WASHINGTON — President Donald Trump called on Attorney General Jeff Sessions to “stop this Rigged Witch Hunt right now,” opening the president to further complaints that he is trying to obstruct the investigation into Russia’s election interference and his campaign’s possible complicity.
Trump is already reportedly under investigation for potential obstruction of the Russia probe led by special counsel Robert S. Mueller III. The tweet early Wednesday was the president’s most explicit post or statement to date seemingly aimed at getting his attorney general, the nation’s top law enforcement officer, to end the probe
The tweet, along with several others Wednesday morning, accelerated the president’s attacks on the investigation, which he claims is tainted by bias. They were likely prompted by the start of the trial on Tuesday of Paul Manafort, Trump’s former campaign chairman, on 18 charges of tax evasion, bank fraud and conspiracy.
“This is a terrible situation and Attorney General Jeff Sessions should stop this Rigged Witch Hunt right now, before it continues to stain our country any further. Bob Mueller is totally conflicted, and his 17 Angry Democrats that are doing his dirty work are a disgrace to USA!” Trump wrote.
The president suggested in a subsequent tweet that Manafort was being treated worse than Al Capone, the notorious Prohibition-era Chicago gangster.
“Where is the Russian Collusion?” Trump added.
Trump’s tweets prompted Rep. Adam B. Schiff of California, the top Democrat on the House Intelligence Committee, to accuse the president of obstruction “hiding in plain sight.”
“The President of the United States just called on his Attorney General to put an end to an investigation in which the President, his family and campaign may be implicated,” Schiff tweeted. “This is an attempt to obstruct justice hiding in plain sight. America must never accept it.”
Although the White House has said that Trump’s tweets are official presidential statements, his lawyer, Rudolph W. Giuliani, responded to the latest one as he has before, by brushing off suggestions that Trump’s tweets could be used as evidence of obstruction.
“The president was expressing his opinion on his favored medium for asserting his First Amendment right of free speech,” Giuliani said in an interview. “He said ‘should,’ not ‘must,’ and no presidential order was issued or will be.”
He said he spoke with Trump to make sure that the president wasn’t actually issuing an order. “I talked to him about it to make sure he was on the same page as we are,” Giuliani said, and the president indicated he was not ordering Sessions to act.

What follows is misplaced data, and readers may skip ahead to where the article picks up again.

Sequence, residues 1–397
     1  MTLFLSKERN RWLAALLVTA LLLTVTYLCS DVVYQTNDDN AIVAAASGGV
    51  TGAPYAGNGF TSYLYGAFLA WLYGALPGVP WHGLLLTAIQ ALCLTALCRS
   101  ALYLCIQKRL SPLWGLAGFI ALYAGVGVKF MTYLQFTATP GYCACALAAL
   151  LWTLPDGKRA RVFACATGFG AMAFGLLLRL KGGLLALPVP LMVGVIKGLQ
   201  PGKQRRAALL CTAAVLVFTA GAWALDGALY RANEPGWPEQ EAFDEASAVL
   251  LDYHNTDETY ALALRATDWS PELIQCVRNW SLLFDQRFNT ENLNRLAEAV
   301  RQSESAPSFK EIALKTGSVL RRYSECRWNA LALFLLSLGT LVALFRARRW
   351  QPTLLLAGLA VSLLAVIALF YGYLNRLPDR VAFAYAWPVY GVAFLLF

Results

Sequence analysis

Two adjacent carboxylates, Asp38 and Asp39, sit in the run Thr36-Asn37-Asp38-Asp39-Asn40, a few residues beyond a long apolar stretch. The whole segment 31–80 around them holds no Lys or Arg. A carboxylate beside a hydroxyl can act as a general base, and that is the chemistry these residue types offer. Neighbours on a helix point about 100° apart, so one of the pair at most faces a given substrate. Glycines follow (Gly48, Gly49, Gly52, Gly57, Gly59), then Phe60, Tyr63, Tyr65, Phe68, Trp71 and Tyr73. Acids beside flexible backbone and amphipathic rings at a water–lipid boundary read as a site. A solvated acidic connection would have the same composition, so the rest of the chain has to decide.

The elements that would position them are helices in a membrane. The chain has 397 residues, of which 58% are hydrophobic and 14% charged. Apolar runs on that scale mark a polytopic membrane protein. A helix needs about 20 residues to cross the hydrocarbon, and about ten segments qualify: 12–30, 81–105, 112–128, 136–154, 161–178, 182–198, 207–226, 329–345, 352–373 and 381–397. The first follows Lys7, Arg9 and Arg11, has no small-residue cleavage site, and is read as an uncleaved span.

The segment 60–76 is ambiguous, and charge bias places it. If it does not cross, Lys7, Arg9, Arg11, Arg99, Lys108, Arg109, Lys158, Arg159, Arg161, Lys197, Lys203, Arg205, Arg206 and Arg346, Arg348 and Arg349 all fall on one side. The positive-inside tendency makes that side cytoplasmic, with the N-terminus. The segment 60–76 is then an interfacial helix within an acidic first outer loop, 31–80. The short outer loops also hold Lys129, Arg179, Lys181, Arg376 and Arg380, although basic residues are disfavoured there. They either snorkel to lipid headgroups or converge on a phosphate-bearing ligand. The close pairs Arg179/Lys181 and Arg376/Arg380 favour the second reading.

On Sunday, Giuliani told CBS’ “Face the Nation”: “Obstruction by tweet is not something I think works real well. Generally obstruction is secret, it’s clandestine, it’s corrupt.”
Giuliani added, “I’ve looked at all those tweets and they don’t amount to anything.”
For months, Trump’s lawyers also have argued that it’s impossible for the president to obstruct justice because his constitutional authority extends over the Justice Department.
That power allows him to direct officials where to focus their resources or to fire them when he chooses, as Trump did when removing James B. Comey as FBI director last year. That firing, however, led to Mueller’s appointment as special counsel.
Wednesday’s tweet was a reminder of Trump’s unabated anger at Sessions, who recused himself from overseeing the Russia investigation on March 2, 2017 _ as members of both parties and legal experts have contended that he should.
Sessions pointed to Justice Department regulations to explain that, as one of Trump’s earliest and most active supporters, he shouldn’t participate in the investigation of the Trump campaign. He announced the decision after controversy over his own undisclosed contacts, both during the campaign and the post-election transition, with the Russian ambassador at the time, Sergey Kislyak.
Two months ago, Trump tweeted that he should have chosen a different person as attorney general who wouldn’t have needed to recuse himself. “I wish I did!” he wrote.
In his tweets, Trump also quoted criticism of the investigation from Alan Dershowitz, a Harvard Law School professor who frequently defends Trump on television. In an interview with the Los Angeles Times, Dershowitz said he does not believe Sessions has the authority to end the probe.
“You can’t be both recused and making decisions about the investigation,” he said.
But Dershowitz also cast doubt on whether Trump’s tweets can be seen as an act of obstruction.
“You cannot obstruct justice by openly exercising your First Amendment rights and openly criticizing a prosecution, whether you’re right or wrong,” he said. “Obstruction of justice is generally committed behind the scenes, so I think both sides are a little overwrought here.”
Stephen Vladeck, a University of Texas law professor, agreed that Sessions cannot stop the Russia investigation given that he recused himself. “The president, intentionally or not, is misdirecting his ire,” Vladeck said.
If Trump wanted to use his power to end the probe, he would have to give the order to Rod J. Rosenstein, the deputy attorney general supervising the Mueller team’s work, and fire Rosenstein if he does not comply, according to Vladeck. Trump could also try to replace Sessions as attorney general with someone who does not have a conflict of interest from the campaign, allowing that person to relieve Rosenstein of the responsibility to oversee Mueller, Vladeck said.